Track Roundtable: Baron & Valle reflect

By on August 13, 2010

Editor’s note—To further commemorate the noteworthy accomplishments of the recently completed track season, in which Kaneland’s team finished second in the state, the Elburn Herald is pairing a Knights track personality with a storied history, and a recent graduate. Their comparison of stories and memories will be a regular feature this summer. Eric Baron is the current head coach of Kaneland High School boys track, after succeeding Ralph Drendel, and a teacher at Kaneland Harter Middle School. Distance runner Edgar Valle is a State champion and will compete in Rock Island, Ill., for the Augustana Vikings in the 2010-2011 school year.

ELBURN HERALD (EH): Getting involved with cross-country and track, with this monster year, now that you’ve had four years to look back on it, was it a burning ambition to compete and succeed and stand up on the podium at the end of the year, or was it something that just fell into your lap where it’s “oh, i know a bunch of people and I’m friendly with them, let’s see how this goes?”

EDGAR VALLE (EV): Track and field is something I’ve always loved doing. It’s a sport I think I have the most passion for. Being able to compete with my teammates and fight for what we really wanted and to succeed, and at the end of the year, being able to stand on that podium, it was an amazing feeling. That’s what I was fighting for.
EH: Eric, what about you as an athlete?

ERIC BARON (EB): My beginnings were here at Kaneland in Cheryl McCoy’s P.E. class. Track was a way of life here at Kaneland. There was no baseball at the time. You ran track in the spring. I was lucky enough to stand on that podium, and unlucky enough to miss being on that podium. It was a great learning experience, and every day I’m glad I made choices to lead me into the sport.

EH: People have said on occasion that this past season cemented the fact that Kaneland was a track school, and people can remember that again.

EB: Our numbers keep going up. We’ve fought for the three-class system. We thought we were a great track school, and going against the Neuqua Valleys and Yorks was really hard for our school. It deterred the big goal at the end of the season. Now that we’re competitive again, people are saying “hey, there’s some great track athletes at our school and great coaches with abilities that really lend themselves to big things.”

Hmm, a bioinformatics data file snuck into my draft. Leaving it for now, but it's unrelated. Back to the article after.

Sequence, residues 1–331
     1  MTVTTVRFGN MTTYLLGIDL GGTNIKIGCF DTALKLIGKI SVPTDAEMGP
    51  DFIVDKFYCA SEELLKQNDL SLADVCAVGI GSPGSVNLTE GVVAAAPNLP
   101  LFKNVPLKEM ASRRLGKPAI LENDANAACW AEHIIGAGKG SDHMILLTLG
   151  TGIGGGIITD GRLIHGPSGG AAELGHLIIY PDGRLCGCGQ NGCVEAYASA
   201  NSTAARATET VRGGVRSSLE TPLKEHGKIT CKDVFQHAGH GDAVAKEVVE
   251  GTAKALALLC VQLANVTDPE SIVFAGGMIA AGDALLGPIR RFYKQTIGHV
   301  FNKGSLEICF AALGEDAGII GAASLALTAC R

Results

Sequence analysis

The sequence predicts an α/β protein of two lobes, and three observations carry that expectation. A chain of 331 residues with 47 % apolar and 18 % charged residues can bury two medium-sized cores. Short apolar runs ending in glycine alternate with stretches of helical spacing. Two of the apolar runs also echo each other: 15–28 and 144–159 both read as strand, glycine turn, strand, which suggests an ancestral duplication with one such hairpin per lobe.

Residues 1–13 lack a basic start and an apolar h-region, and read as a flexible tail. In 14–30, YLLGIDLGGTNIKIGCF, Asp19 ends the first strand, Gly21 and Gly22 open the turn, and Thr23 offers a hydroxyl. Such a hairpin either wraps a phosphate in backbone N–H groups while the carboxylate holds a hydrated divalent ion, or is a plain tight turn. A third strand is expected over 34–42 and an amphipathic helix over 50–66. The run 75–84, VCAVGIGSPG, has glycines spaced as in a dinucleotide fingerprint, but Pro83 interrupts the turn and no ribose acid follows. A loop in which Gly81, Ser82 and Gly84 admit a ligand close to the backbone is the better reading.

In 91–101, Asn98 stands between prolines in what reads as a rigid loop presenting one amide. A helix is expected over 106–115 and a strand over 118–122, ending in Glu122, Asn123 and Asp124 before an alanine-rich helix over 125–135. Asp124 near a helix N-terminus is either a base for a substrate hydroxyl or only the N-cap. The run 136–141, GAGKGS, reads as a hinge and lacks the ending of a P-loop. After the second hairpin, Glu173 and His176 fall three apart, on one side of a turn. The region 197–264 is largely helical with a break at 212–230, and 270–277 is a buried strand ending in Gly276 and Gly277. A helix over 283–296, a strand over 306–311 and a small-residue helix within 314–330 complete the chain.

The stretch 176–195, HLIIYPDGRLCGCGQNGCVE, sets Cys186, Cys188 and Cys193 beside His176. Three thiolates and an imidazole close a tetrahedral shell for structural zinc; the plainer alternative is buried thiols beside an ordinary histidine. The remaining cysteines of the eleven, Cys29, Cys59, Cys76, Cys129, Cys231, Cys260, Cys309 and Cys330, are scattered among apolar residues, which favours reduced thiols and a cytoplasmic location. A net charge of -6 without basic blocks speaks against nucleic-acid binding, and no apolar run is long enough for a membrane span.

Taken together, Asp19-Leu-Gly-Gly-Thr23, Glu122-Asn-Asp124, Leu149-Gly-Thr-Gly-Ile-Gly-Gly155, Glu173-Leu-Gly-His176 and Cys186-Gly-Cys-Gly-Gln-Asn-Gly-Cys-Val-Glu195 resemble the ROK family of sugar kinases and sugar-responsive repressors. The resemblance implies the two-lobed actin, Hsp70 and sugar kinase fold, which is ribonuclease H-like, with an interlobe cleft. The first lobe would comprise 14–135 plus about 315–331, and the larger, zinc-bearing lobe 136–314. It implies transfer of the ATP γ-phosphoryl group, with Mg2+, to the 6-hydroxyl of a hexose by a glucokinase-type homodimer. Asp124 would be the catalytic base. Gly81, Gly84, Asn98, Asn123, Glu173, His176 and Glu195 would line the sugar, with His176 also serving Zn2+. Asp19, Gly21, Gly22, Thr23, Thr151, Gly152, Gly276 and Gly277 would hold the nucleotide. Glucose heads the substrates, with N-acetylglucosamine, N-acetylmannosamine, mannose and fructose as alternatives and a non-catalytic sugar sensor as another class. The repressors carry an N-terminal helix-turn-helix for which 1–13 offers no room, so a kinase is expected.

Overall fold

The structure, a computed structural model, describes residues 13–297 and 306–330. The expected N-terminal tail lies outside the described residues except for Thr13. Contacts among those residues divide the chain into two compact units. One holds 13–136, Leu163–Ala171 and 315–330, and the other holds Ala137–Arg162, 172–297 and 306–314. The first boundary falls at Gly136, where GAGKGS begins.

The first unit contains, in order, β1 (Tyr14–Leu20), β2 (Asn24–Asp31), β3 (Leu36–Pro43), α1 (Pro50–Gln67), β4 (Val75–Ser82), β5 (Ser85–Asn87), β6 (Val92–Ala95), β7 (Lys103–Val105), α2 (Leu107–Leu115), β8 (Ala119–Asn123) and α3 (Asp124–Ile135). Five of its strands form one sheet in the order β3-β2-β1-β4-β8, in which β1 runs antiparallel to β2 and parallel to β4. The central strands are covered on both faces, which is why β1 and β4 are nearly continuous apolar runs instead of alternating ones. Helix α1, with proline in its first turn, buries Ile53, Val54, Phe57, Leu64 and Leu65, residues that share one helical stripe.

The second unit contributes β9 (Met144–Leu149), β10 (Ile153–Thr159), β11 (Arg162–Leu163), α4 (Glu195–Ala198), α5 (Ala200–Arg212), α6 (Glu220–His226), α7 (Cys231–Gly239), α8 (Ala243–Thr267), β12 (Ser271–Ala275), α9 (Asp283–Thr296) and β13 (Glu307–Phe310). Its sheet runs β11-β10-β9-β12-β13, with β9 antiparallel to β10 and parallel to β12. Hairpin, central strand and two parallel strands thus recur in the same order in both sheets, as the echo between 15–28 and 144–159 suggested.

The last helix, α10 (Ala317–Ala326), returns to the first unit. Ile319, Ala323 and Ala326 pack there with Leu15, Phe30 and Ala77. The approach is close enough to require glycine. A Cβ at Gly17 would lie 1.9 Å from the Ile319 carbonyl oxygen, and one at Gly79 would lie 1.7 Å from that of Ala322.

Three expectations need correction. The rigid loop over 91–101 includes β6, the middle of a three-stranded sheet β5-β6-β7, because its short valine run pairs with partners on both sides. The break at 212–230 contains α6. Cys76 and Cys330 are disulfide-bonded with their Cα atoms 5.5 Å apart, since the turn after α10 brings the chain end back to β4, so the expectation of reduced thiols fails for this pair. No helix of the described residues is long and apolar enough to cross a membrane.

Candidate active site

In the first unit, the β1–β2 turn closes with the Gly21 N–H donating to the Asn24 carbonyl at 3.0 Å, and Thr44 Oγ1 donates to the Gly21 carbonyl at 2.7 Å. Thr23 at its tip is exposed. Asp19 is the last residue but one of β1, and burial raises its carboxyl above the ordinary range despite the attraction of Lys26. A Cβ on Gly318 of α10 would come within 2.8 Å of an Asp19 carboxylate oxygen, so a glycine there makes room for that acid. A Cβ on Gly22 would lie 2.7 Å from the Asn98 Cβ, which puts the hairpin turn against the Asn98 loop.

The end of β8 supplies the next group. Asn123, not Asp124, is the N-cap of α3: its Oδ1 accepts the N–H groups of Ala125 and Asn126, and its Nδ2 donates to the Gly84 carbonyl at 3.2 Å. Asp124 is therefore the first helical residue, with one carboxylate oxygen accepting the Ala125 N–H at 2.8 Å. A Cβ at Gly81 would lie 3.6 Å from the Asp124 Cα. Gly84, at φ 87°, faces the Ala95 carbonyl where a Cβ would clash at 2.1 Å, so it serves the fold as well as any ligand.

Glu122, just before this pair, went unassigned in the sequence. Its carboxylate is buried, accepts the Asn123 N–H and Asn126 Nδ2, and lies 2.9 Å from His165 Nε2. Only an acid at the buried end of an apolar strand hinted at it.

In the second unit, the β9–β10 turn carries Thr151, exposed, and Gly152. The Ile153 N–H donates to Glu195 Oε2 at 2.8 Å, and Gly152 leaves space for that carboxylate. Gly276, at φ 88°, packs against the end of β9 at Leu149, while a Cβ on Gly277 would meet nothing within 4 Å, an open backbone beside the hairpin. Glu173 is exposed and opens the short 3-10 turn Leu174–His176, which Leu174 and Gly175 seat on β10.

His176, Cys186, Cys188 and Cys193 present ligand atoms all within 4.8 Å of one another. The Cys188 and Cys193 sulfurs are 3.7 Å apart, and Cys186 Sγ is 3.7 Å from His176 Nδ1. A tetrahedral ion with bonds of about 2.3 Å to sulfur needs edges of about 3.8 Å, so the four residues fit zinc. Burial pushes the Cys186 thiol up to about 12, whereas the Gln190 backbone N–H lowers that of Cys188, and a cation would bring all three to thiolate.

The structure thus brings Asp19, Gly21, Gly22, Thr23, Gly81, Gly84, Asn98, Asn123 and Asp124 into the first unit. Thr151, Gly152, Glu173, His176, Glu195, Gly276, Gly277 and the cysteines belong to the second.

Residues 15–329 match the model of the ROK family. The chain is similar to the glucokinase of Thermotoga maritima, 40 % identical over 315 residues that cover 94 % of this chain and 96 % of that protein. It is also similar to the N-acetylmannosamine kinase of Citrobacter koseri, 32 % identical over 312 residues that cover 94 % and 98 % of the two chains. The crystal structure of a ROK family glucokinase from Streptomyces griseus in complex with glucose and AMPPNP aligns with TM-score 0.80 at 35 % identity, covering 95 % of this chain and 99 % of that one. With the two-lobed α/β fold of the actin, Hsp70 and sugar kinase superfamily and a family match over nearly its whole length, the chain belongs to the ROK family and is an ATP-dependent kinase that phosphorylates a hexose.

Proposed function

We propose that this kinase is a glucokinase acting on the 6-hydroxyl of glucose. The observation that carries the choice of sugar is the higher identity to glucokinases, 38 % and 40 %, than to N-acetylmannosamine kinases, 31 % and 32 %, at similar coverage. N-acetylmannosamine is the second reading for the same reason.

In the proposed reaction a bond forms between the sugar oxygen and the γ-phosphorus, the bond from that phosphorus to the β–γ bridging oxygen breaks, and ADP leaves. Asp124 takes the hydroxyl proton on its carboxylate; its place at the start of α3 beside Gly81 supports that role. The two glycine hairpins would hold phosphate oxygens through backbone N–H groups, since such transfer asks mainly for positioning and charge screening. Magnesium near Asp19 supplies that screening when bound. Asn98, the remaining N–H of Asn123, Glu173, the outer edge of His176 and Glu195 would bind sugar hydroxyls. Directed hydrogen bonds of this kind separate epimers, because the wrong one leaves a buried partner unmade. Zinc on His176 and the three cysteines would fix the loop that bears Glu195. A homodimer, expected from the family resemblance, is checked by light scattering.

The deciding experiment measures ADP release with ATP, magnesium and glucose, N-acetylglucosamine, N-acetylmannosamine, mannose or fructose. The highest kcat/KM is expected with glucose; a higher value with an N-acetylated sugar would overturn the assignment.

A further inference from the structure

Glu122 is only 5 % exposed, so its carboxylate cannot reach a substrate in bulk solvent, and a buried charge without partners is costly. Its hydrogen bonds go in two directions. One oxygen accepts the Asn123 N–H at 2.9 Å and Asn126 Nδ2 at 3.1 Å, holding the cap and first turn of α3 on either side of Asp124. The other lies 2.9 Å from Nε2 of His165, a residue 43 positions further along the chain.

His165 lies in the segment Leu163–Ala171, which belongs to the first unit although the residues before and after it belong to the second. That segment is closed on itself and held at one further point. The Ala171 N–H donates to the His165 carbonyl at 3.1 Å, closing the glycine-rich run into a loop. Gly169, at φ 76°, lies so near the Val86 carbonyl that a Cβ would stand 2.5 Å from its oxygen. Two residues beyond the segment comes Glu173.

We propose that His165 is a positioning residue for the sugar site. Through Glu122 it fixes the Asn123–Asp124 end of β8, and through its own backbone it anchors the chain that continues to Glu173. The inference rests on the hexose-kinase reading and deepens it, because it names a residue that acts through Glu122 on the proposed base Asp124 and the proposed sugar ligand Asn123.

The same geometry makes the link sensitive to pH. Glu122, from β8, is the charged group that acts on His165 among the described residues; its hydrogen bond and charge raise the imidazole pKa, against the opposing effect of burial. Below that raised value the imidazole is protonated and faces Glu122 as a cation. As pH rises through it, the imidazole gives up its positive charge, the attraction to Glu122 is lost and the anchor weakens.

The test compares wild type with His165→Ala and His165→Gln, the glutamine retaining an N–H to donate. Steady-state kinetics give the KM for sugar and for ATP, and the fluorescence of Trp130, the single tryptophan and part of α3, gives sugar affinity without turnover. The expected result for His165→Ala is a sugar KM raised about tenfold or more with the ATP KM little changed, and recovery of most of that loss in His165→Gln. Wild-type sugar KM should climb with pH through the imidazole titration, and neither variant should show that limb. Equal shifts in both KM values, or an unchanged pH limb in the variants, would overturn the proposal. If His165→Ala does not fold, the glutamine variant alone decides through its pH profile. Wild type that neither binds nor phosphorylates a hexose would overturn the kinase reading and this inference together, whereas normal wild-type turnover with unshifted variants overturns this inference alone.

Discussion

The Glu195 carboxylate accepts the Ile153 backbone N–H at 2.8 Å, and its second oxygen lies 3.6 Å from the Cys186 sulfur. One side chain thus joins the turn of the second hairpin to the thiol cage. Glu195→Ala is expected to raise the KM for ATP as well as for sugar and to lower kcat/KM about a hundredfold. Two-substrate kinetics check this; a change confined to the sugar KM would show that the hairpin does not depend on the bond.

EH: Being involved in track with the 800m and the 1600m, it seemed like you might have been one of these kids who had a stamp of versatility. You could take an event, and maybe not be totally experienced, but take an event and make it yours. To be an asset in three or four events and just sort of plug yourself in. You didn’t know what your ceiling would be, but you knew what your floor was.

EV: Yeah, that’s how I kind of figured things out my first couple of years. The first time I did the 1600, I was competing and doing really well and actually won once and I was like “wow, I surprised myself.” With Coach putting me in different events, I realized I could do a lot of these different things. I knew what I had to do and tried not to let the team down.

EH: When you finally had your roster that qualified for State, did you feel that versatility was a big key, or did you think that kids specializing in one or two events was more important?

EB: I really coach the guys to be versatile. As someone who pays attention to the sport, I look for ways we can do best as a team. If we run guys in the 400, then we run guys in the 400. If I see there’s a weaker event that we can capitalize on, then that’s the direction we try to go if they’re versatile.

This year, I trained the entire team to basically be 400 and 800 guys. I thought if we did that, then we could be very competitive, and it turned out real well. The guys that we had this year, I knew they had a lot of leg speed, which you need for the 400 and 800. But, versatility is a huge thing. You look at Edgar and Logan (Markuson) and Nick Sinon. I mean, these guys will do any event I put them in.

EH: Going against other athletes from the CCIW (College Conference of Illinois and Wisconsin) next spring, have you heard or figured that college track is almost a different sport or even a profession?

EV: I’ve heard that college track is like a whole new start. You have to rebuild everything. It’s a lot more competitive. Run twice a day, multiple practices, schedule your time; and there’s school and everything. It’s a lot more difficult and very time-consuming, but I know the coaches at Augustana are really good guys.

EH: Plus, there’s going to be a familiar Kaneland touch with some former teammates on there. So, it won’t be too foreign of a setting.

EV: Yeah, that’ll be nice to go into.

EH: In what ways was this senior core of 2010 really special and uniquely qualified to get the team to State?

EV: We’ve noticed ever since our freshman year that our class was a really good class. One of our freshman invites, we had nine guys on the team, and were going with Geneva and Batavia and we thought we had a really good team. It was a really good group of guys.

EH: Eric had coached this 2010 group since they were freshmen.